Secondary immunoglobulin responses of BALB/c mice previously stimulated with goat anti-mouse IgD.
Intravenous injection of goat antibodies to mouse IgD (GAMD) into BALB/c mice has been shown to induce vigorous T-cell dependent immunoglobulin responses, particularly of the IgG1 and IgE isotypes. We have confirmed these findings and show that IgA responses are also triggered in this model. Since the study of IgE regulation in allergic individuals is concerned with secondary and subsequent T- and B-cell responses, we boosted GAMD-primed mice with goat antibodies to IgE or IgA in an attempt to specifically retrigger IgE- and IgA-bearing memory B cells. However, we found that secondary IgG1, IgE and IgA production could be elicited equally well by either antibody preparation or by normal goat IgG (GIg). As with the primary response, GIg primed and boosted mice produced very low or undetectable IgG1, IgE and IgA responses.
- These data suggest that GAMD is very efficient at priming T cells specific for GIg epitopes and that once primed they can be readily re-triggered by GIg.
- Spleen cells taken 7 days after boosting GAMD-primed mice were found to spontaneously produce much higher levels of interleukin-6 (IL-6) in culture than cells from unboosted or GIg primed and boosted mice. In contrast to primary responses, where IgE levels return to the background (less than 40 ng/ml) very quickly, circulating IgE levels in boosted mice initially declined before reaching a plateau level (approximately 1 microgram/ml) which was maintained for at least 148 days. IgG1 and IgA levels continued to fall over this same time period.
- Mice which had been primed (but not boosted) 10 months earlier were all found to have detectable IgE in their blood, despite the fact that following priming IgE becomes undetectable within 2-3 weeks. Since only a part of the IgE response was directed towards the antigen (GIg), these observations suggest the possibility that B cells initially primed to make IgE can be non-specifically retriggered in vivo.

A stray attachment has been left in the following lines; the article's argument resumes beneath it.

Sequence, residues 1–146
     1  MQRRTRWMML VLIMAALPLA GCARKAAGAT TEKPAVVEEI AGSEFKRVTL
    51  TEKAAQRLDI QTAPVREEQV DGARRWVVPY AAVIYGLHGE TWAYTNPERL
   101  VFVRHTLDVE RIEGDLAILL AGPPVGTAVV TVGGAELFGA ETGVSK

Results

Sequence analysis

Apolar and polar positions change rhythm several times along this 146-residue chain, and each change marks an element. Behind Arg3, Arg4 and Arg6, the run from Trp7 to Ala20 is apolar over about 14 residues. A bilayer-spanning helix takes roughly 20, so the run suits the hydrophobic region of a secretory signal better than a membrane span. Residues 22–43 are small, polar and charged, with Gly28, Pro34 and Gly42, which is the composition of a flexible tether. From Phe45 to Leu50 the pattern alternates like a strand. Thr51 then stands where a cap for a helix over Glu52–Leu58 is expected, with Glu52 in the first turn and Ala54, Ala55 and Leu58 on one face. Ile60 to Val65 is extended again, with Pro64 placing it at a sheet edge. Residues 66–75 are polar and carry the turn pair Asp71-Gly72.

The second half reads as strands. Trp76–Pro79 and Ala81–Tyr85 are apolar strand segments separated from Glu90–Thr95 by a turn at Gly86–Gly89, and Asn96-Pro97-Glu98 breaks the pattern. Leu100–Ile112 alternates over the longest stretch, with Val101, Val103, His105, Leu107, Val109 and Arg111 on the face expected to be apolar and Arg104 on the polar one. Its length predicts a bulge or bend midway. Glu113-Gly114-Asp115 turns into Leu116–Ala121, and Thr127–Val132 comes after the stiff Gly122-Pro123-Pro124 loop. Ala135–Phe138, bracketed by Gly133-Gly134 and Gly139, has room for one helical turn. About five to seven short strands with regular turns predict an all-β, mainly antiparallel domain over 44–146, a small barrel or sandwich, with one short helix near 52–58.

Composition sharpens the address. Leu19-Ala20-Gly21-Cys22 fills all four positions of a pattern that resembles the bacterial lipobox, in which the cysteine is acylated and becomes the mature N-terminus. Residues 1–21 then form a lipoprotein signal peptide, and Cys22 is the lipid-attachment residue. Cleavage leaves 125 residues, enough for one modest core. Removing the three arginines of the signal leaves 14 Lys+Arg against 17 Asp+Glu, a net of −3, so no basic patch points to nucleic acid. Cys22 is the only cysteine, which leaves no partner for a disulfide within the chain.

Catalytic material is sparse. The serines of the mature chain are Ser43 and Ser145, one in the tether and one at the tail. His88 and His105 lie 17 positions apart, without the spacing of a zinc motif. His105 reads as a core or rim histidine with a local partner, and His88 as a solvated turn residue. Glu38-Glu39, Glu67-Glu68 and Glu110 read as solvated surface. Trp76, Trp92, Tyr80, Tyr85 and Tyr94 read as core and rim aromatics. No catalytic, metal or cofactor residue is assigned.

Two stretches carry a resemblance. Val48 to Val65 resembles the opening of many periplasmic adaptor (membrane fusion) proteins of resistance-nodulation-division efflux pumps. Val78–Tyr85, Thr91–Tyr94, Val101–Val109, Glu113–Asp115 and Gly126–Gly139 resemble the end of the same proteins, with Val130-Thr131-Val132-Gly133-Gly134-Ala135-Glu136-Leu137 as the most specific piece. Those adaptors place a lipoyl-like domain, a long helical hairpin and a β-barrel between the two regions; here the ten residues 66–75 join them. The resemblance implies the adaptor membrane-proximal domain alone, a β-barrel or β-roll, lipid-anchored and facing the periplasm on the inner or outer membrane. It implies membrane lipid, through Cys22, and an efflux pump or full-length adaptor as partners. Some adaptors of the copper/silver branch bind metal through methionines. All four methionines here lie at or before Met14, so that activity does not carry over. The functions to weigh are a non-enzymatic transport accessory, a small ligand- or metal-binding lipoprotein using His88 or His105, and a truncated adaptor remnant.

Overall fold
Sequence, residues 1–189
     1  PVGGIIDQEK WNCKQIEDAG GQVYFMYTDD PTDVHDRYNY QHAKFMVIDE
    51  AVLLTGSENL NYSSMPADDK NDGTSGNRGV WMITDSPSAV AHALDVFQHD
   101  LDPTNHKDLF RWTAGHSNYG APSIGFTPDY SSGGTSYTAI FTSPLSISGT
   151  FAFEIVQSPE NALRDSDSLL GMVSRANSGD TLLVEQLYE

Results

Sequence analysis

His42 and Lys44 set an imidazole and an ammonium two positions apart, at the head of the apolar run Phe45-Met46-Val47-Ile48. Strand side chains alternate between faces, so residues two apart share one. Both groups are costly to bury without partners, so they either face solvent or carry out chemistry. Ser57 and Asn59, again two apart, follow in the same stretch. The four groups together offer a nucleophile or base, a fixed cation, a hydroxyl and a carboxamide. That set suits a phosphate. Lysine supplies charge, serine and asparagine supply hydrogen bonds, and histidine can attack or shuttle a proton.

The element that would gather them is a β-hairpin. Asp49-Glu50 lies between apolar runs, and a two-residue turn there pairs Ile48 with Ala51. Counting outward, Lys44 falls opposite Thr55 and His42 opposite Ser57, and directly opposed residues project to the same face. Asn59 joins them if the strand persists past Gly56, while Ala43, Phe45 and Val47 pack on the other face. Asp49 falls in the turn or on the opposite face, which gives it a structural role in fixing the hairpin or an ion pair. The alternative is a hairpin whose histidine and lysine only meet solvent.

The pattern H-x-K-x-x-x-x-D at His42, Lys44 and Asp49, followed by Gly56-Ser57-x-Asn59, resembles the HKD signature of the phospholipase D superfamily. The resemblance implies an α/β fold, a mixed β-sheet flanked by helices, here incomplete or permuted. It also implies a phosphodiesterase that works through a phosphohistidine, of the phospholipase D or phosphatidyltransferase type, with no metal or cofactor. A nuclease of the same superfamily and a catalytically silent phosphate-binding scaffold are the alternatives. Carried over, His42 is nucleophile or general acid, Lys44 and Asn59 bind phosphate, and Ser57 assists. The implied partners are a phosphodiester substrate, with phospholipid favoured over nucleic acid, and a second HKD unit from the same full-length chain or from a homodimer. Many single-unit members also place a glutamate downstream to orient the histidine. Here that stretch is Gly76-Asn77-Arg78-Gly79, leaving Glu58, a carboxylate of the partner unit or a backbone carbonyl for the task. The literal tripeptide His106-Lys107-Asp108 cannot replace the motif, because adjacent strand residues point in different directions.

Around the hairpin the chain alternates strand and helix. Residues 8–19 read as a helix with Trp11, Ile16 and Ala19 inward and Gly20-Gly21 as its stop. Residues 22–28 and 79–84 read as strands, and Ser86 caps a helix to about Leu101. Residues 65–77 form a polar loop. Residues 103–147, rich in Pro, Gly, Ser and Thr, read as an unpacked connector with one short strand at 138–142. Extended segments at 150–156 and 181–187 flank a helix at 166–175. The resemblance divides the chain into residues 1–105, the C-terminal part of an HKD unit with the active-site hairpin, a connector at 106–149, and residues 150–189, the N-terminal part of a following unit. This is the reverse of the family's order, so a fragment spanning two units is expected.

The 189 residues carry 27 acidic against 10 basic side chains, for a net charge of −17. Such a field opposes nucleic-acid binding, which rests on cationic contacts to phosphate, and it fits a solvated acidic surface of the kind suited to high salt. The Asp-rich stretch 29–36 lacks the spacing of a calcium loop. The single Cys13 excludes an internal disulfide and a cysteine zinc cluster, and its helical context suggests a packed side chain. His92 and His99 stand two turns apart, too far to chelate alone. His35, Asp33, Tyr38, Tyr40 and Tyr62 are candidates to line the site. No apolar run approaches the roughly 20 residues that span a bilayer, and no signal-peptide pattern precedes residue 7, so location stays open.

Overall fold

Polyclonal activation of the murine immune system by an antibody to IgD. VI. Influence of doses of goat anti–mouse delta chain and normal goat IgG on B lymphocyte proliferation and differentiation
The injection of mice with 800 micrograms of an affinity-purified goat antibody to mouse IgD (GaM delta) induces early, T-independent polyclonal increases in the expression of B cell surface Ia, and B cell size and DNA synthesis, as well as later, T-dependent polyclonal increases in spleen cell number and Ig secretion. We have now studied the effects of varying the doses of injected GaM delta on all phases of B cell activation, as well as the effects of supplementing GaM delta with varying quantities of normal goat IgG (GIgG). We have found that while 12.5 micrograms of GaM delta modulates most of the IgD from the surface of splenic B lymphocytes, it fails to activate these cells.
Increases in the expression of B cell surface Ia are first seen when 50 micrograms of GaM delta is injected, while increases in B cell DNA synthesis usually require the injection of 200 micrograms of GaM delta and peak with doses of approximately 800 micrograms. Increases in splenic B cell number and DNA synthesis during the T-dependent phase of GaM delta-induced B cell activation are seen only in those mice that were injected with sufficient quantities of GaM delta to induce DNA synthesis during the T-independent phase.